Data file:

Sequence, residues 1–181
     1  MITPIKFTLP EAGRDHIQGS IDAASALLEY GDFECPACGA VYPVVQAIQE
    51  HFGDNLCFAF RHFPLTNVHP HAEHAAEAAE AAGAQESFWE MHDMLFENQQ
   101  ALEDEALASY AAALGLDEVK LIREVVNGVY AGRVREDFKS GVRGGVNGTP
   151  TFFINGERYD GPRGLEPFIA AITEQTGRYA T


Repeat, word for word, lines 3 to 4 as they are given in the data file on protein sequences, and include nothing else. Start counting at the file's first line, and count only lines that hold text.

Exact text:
    51  HFGDNLCFAF RHFPLTNVHP HAEHAAEAAE AAGAQESFWE MHDMLFENQQ
   101  ALEDEALASY AAALGLDEVK LIREVVNGVY AGRVREDFKS GVRGGVNGTP